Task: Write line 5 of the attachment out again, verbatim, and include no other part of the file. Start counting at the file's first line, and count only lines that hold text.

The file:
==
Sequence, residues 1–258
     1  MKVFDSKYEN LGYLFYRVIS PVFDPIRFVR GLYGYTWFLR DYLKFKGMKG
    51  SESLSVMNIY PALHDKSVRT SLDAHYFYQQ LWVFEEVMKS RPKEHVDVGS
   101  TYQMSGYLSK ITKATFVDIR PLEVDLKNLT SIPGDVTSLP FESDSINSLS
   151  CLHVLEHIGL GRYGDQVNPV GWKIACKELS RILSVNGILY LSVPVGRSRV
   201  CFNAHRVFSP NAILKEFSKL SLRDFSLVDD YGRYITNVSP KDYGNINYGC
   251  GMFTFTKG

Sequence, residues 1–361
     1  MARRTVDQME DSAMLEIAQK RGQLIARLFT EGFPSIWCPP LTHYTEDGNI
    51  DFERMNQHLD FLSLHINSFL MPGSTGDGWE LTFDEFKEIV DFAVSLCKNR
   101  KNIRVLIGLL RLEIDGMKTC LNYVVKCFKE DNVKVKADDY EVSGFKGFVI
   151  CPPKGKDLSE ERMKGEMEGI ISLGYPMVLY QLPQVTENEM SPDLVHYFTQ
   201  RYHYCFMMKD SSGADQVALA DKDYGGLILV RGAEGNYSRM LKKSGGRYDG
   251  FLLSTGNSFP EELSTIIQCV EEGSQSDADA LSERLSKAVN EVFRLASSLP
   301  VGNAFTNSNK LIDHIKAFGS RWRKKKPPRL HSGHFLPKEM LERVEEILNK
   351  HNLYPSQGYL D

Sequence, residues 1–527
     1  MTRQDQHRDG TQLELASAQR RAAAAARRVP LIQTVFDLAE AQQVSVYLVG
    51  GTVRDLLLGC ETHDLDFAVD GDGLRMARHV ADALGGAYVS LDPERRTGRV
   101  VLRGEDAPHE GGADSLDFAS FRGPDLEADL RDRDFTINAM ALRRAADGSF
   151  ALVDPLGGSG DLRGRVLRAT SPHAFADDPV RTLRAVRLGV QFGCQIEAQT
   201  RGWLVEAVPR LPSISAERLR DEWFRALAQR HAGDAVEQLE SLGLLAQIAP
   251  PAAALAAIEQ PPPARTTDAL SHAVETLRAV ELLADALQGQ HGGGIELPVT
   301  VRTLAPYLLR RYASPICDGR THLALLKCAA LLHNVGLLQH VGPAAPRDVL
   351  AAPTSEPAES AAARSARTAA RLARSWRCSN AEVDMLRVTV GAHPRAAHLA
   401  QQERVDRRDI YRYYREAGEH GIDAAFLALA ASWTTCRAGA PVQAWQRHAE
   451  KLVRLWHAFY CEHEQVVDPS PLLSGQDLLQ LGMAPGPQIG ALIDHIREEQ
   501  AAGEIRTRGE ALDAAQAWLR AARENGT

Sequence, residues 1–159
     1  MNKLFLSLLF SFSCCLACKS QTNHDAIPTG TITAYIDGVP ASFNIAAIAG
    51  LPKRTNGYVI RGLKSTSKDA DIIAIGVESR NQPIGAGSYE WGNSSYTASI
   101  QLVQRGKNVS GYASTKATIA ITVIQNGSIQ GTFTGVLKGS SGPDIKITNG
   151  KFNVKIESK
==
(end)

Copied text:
   151  CLHVLEHIGL GRYGDQVNPV GWKIACKELS RILSVNGILY LSVPVGRSRV